If we just try to make something different and as long as it does not go over budget then it should be ok to take a chance and make a game like that.

Edited 1 times. Last edit by Tony Johns on 12th July 2011 4:16pm

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Dan Porter Game Designer, Gameloft Montreal9 years ago
This is a tough issue. On one hand, I'm inclined to agree with Claire that some things are just over-gendered. When a girl dislikes a stereotypically "male" game like Gears of War, does she dislike it because she is a girl or does she dislike it because girls are taught from an early age that they shouldn't like that sort of thing?

I am of the belief that social factors drive girls away from all but the most shallow social games as much if not more than the fact that many of the games are designed by men for men.

However, its always a good idea to try to understand a target market so as to better serve those customers. So from that perspective, understanding "what girls like" is important, even if those likes and dislikes are shaped by the culture rather than being inherent to the gender.

Also, I fear that this "female sensibility" mentioned by the Silicon Sisters really means "Western/European female sensibility." I would be interested to see if this "Girl's Gaming Bible" includes the interests of women in countries that are just starting to emerge in the world of video game consumption.

Edited 4 times. Last edit by Dan Porter on 12th July 2011 6:06pm

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"Silicon Sisters' Brenda Bailey Gershkovitch believes that the industry is still a long way from figuring out what females want from video games."

When you take on account all the women Wii Sports, Wii Fit and New Super Mario Bros Wii pulled in, not really. :)
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Curt Sampson Sofware Developer 9 years ago
Well, and let's not forget Nintendogs. That's enormous, at least here in Japan.

But I wonder, what does the girl "core gamer" like? Or is there even such a thing?
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Cori Myers CEO/Owner, Gameinatrix.com9 years ago
@Curt Sampson There is a female core gamer and it's not just the industry side it's the media side as well. We've been around for 8 years (going on 9) and we still have yet to get publishers to actually support us. We've been told flat out that women don't play games. Even though we don't have the same numbers that the larger "male" sites do we still can boast almost 90% of our audience is FEMALE.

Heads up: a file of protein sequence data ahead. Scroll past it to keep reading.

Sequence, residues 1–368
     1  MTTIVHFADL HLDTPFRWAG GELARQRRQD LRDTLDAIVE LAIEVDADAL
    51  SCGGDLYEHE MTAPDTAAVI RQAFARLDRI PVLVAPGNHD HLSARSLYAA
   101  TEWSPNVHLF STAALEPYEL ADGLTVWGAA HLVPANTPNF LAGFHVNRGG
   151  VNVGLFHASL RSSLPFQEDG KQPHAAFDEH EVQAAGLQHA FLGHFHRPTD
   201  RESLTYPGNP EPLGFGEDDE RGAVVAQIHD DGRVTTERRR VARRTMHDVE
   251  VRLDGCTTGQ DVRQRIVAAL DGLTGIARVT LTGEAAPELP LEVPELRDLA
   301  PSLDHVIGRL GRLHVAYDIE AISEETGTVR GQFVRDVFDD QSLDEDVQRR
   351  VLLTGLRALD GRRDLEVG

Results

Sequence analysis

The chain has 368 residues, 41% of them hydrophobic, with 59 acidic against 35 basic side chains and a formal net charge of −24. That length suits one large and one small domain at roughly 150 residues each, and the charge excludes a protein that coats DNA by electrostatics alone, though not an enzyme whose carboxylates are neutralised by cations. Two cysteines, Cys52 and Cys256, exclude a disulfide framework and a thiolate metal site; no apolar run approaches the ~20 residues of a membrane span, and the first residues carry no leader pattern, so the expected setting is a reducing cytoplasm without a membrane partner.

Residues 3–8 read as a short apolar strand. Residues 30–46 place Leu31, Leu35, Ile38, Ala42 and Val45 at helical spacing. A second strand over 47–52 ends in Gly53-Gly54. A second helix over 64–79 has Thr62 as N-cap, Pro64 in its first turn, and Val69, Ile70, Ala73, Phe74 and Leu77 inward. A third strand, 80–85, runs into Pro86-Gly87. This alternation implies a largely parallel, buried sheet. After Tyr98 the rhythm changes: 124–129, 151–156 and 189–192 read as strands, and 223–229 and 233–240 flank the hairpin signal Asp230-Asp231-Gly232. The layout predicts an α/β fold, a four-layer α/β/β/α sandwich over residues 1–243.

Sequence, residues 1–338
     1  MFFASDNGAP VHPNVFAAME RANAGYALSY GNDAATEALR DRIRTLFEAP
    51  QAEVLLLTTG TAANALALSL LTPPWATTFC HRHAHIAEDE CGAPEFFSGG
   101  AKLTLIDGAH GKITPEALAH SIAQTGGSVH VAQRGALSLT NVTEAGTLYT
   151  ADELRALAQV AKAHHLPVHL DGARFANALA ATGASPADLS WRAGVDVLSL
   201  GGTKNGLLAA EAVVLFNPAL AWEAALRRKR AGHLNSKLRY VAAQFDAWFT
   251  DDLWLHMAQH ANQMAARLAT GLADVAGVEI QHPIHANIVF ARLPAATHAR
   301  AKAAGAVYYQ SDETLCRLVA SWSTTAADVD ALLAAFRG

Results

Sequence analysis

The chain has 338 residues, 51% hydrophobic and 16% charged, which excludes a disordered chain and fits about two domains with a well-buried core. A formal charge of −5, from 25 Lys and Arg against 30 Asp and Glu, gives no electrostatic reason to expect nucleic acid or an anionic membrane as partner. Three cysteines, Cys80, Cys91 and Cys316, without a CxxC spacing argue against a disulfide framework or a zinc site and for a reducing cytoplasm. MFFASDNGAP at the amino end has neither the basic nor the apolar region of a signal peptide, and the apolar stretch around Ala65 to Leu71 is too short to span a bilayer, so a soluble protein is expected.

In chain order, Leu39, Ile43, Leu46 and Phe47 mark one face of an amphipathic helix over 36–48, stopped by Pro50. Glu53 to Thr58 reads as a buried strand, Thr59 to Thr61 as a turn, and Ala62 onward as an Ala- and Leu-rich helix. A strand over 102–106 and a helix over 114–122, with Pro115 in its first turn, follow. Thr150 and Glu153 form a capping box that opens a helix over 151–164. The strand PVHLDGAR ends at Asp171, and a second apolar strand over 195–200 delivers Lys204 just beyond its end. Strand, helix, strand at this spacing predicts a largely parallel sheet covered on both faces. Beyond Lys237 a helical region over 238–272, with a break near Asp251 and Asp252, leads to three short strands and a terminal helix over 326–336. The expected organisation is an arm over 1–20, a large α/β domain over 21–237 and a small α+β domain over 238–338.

Sorry need to edit this because I was typing it during our podcast where we were actually discussing this story. A lot of the comments being made by the men here are exactly the problem. Wii sports? Wii Fit? Not all women even LIKE those games. Women not liking Gears of War? How about we don't like it because we just don't like it and it has nothing to do with being told by a societal stereotype. I personally was not a fan of Gears of War because I found it slow, clunky and too similar to Halo. I've left Halo behind because I'm no longer interested in that world, story etc.

The problem is that no one is actually "asking" women why they gravitate toward certain games and not others. The male portion of the industry walks in the door with the pre-conceived notion that women are all casual gamers or all women like are casual games and then they automatically dismiss a large portion of us who play "everything". I agree lots of research needs to be done and the notions dropped. Study women, not as a whole, but break it down into groups. Which women like which genres.

I've also been urging the industry to drop the "hard core gamer" tagline because it has become synonymous with male and FPSs. When in truth a hardcore gamer is someone who loves gaming to their core. Whether it be that they are a die hard fan of Zuma or Halo. A casual gamer "to me" is someone who only has a passing interest in games as a whole. They play if they have nothing else to do. Whereas a hardcore gamer has incorporated gaming into their everyday life. Whatever that game may be. It's time the thinking changed and sadly, not to sound sexist, I also agree that more women need to be allowed to step up. I say allowed because I am believing the few that are in the industry are being ignored. You can't get a woman's perspective from a man. And that's what has been happening for years. Men tell women what they think they play or want to play and then say they can't make games for women, saying they don't think the games they told us we play will sell. We haven't gotten to tell the industry anything, so no one knows what we want. And the industry is growing stale and stagnant, creating the same game over and over. A different perspective, perhaps a female one, is sorely needed. I'm tired of devs trying to recreate Halo. If I want to play Halo, I'll play it, not the wannabe. Getting off my soap box now.

/end rant

Edited 2 times. Last edit by Cori Myers on 13th July 2011 6:54pm

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Dan Toose Senior Designer, The Creative Assembly9 years ago
Heh - I think Cori hit the issue on the head with the comment "no one is actually "asking" women why they gravitate toward certain games and not others."

I tried posing open questions via social media to ask my female friends things that they found either attracted them to games, or put them off. There were two things that struck me as unfortunate:

1) It took about 5 minutes before I had to tell all my male friends to shut up and leave the thread entirely before the women got put off. They were all typing up subjective theories about how women think - which did more to highlight their own naivety than anything else.

2) The women stumbled over me asking them to validate / confirm some things from what they'd been telling me - It appears, not because of the question, but because they were used to having their answers taken the wrong way.
For example, women who loved management games were very cagey about saying they liked them, for fear of me taking that as "That's all you like". These were smart women, and I checked to ensure my question wasn't convoluted - All it suggested was that they were used to their responses being misinterpreted.

Edited 1 times. Last edit by Dan Toose on 15th July 2011 5:55am

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Nicholas Russell writer 9 years ago
As both a student and a games journalist I too would like to get my hands on this bible if at all possible. As games are maturing and narrative becomes less of an add-on and more of a core game mechanic it seems that the need for women designers will grow, more female gamers will join the hardcore ranks, and it will be become absolutely vital that we nurture and grow this. I'd like to help spread the word about it if that is at all possible by communicating the actual content of this work.